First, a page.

Once, as a child, I was completely captivated by a black-and-white photo of a German woman some time after World War 1. She looked so sad--all the hope and life drained from her eyes--yet she had forgotten not to smile. It's a strange thing to remember, after all these years, but more than the photo, it's the caption beneath it that I still think of: "Money was so worthless during this difficult time that many German housewives often used it to fuel their fires."
I hold the bottle with my own worthless money tightly to my chest. It'd be a cold day in hell before I tossed my money into any fire. That woman still had hope--hope that one day life would get better, that she'd be able to buy things for her children again, that she'd see them grow up. I, on the other hand, know otherwise. My children are already dead. No one thinks of earning money or spending it anymore. Those days are long past. Now we think only of surviving another day.
But when I hold my bottle in my hand, close to my heart, when I place it just so and close my eyes, I can almost believe I'm there again. My smiling parents welcome me back, tell me I shouldn't watch movies that give me nightmares, and everything I've lived is easily explained away. Yes, I can almost believe it's true--that I am young again and life is sweet. But when I swallow, the dream of what was is gone and only reality and a bitter taste remain.
"Grandma?" Kit comes tentatively towards me. Her voice is smooth and soft and reminds me that there is still good in this world. Her brother, Holt, inches along beside her. I try to hide my little spells, but they are both just so perceptive.
I force a smile. "Yes, my babes?"
"Is it story time yet?" Kit asks.
"It's always story time, dear," I say. It's true. When you don't have anything, you have stories of the times that you did. And I have many stories.
Kit and Holt smile at each other. It's so nice to see them getting along-it's a new development, them realizing they can be friends.
"When I was a little girl, growing up in the B.Z. years, technology was so grand we could write things to someone on the other side of the word and they could read them in an instant. I'll never forget how much I loved Twitter, I--"
"Not that one, Grandma," Kit says, "You told us that one last time."
I know which one they want--they know the ending, and it's not a happy one. It's not a story I want to tell again, but when you live to see a shaky line drawn between Before Zombies. and After Zombies, telling the story becomes one of many unavoidable necessities.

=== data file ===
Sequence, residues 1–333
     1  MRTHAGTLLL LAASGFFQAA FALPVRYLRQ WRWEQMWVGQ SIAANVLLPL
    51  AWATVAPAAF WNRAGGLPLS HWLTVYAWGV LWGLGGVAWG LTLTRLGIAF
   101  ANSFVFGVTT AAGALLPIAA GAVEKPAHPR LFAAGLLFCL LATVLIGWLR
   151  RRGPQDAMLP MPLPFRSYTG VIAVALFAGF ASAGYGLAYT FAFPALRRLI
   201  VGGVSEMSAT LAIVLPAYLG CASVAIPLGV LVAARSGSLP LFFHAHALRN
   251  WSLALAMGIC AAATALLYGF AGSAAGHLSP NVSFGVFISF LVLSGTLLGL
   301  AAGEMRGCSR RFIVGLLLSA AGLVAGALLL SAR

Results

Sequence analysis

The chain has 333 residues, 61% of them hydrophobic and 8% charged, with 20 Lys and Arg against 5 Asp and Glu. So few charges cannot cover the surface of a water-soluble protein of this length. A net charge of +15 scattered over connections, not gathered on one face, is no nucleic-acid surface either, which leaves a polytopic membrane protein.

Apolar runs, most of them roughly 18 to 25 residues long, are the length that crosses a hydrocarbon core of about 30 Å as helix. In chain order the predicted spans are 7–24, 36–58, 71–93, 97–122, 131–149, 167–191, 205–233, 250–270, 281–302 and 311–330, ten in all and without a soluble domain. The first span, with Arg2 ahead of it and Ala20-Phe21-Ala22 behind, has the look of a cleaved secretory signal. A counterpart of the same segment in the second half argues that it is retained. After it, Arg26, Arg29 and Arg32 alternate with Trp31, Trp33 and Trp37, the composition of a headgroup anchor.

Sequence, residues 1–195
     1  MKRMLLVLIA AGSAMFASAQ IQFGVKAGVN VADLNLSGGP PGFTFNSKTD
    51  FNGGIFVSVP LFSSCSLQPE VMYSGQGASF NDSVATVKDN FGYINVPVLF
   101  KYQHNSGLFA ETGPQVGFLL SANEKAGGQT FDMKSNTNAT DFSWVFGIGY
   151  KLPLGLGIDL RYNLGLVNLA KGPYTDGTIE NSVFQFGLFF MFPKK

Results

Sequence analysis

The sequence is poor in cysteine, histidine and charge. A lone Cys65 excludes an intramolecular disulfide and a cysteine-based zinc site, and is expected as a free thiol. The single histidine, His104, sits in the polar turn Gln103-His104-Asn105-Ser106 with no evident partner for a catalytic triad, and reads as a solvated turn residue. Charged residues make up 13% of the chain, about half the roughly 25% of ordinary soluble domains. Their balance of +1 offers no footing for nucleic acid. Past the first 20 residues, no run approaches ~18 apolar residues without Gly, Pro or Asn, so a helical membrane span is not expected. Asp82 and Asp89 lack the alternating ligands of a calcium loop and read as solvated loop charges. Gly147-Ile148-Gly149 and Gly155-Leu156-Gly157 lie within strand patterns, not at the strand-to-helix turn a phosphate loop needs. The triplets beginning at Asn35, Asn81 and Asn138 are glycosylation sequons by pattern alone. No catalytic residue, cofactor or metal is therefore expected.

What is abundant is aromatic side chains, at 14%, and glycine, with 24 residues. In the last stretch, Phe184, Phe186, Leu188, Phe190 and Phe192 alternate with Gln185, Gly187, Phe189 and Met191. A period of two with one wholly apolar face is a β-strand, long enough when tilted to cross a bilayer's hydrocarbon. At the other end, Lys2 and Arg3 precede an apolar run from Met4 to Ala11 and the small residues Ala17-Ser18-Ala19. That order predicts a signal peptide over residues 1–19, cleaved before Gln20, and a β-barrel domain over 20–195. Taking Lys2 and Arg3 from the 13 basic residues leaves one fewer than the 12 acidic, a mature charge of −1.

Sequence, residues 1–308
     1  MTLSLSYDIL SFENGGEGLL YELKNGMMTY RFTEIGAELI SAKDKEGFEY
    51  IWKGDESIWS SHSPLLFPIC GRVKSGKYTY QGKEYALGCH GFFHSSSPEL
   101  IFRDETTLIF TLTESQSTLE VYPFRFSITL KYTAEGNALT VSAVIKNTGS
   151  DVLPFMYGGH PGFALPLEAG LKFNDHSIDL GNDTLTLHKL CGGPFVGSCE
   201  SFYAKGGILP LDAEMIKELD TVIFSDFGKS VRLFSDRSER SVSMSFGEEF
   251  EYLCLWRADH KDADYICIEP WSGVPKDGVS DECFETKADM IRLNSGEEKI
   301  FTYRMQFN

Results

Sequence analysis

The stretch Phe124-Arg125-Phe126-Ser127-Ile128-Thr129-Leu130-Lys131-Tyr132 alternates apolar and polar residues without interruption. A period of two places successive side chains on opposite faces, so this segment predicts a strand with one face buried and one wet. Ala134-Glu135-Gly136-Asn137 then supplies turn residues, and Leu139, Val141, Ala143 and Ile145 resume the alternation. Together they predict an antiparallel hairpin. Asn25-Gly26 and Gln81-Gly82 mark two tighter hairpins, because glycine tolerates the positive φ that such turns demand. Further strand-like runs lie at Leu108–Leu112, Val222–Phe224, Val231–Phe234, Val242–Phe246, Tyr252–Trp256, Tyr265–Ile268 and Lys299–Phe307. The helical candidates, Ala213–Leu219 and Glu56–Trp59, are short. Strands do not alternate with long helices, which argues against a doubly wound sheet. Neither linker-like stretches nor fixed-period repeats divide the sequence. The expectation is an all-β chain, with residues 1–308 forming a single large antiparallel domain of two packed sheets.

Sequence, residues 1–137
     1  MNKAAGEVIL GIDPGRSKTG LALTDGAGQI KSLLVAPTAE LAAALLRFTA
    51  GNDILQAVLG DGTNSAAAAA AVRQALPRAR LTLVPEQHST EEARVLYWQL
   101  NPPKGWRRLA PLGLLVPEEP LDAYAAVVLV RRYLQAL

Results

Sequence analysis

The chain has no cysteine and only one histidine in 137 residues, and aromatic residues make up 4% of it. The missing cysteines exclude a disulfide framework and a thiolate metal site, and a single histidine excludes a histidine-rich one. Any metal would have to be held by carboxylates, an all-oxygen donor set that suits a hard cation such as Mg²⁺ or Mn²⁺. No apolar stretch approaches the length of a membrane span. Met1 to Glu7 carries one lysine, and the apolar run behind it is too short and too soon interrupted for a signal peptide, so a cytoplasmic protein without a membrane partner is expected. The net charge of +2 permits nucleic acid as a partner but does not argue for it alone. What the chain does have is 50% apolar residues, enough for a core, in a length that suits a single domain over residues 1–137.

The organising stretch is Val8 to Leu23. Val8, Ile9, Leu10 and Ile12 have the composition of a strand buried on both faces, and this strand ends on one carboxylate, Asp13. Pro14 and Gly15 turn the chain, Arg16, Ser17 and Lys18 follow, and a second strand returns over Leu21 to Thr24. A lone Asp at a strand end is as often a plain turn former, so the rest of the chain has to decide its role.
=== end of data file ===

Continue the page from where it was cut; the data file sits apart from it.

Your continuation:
"They were always among us," I began, "there is no such thing as B.Z., it's just a kind of short hand, an impossible estimate of when our numbers and strength plummeted and theirs flourished. They were like animals, devouring our pets for snacks, and then humans for dinner. We didn't call them Zombies right away. No, when there were few, we called it an epidemic and tried to cure them. Failing that, we called them addicts and criminals, and tried to rehabilitate them."
"And then you called them monsters and tried to kill them," Kit adds.
Holt covers his ears. He doesn't like that word, "kill". Maybe because he's heard it so many times already.
"Yes," I say, chocking down tears that I cannot let fall, not in front of the children.
At that moment, as if of its own accord, Holt's finger points to the door. His already-dark eyes darken. I forget for a moment that he doesn't speak anymore and wait for him to say whatever thought looms forebodingly behind those eyes.
Kit turns to me in horror, and speaks the words her brother cannot. "They're coming..." she whispers.
And so they are. The door suddenly seems inconsequential as it flings open. I should have reinforced it more than I did, I shouldn't have divided all the boards between the doors and the windows . I should have realized that they'd just come in through the front. I should have...
I shout "Get behind me!" and grab my shotgun. Not counting our three bullets, I have nine shots. Nine shots and it's all over. A strange calm sets over me. I shoot the first one, and, gurgling, it falls. My next shot misses, but I reload quickly and shoot it down before the zombie managed more than two steps towards us.
Holt clings to my leg, shaking so vehemently that, just for a second, I glance down at him.
"Grandma!" Kit cries, "Look out!"
The remaining Zombie comes towards me with inzombie speed. I'd never seen anything like it, and I've seen my fair share. My arthritic fingers betraying me, I fumble desperately to load the gun, but it's too late. The Zombie lets out a triumphant moan as it reaches towards me with one hand, dead eyes locked onto mine.
"No!" I scream. In slow motion, I see the bullet in my hand fall to the ground.
I slam the butt of the gun into the Zombie's temple. It blinks at me, and I hit it again, and another time just to be sure. It falls unceremoniously to the ground, and I heave a sigh of relief. Quickly, I close the door, bolt it, and the children help me move the old bookcase in front of it.
I look at Kit and Holt, and they at me. Smiling, I think--survival is sweet, it is its own reward, and yes, I'd throw my money into a fire for just one more day.
http://groups.google.com/group/flashfictionfridays?hl=en: Read, Write, Join, Comment! New stories (1000 words or less) posted every Friday.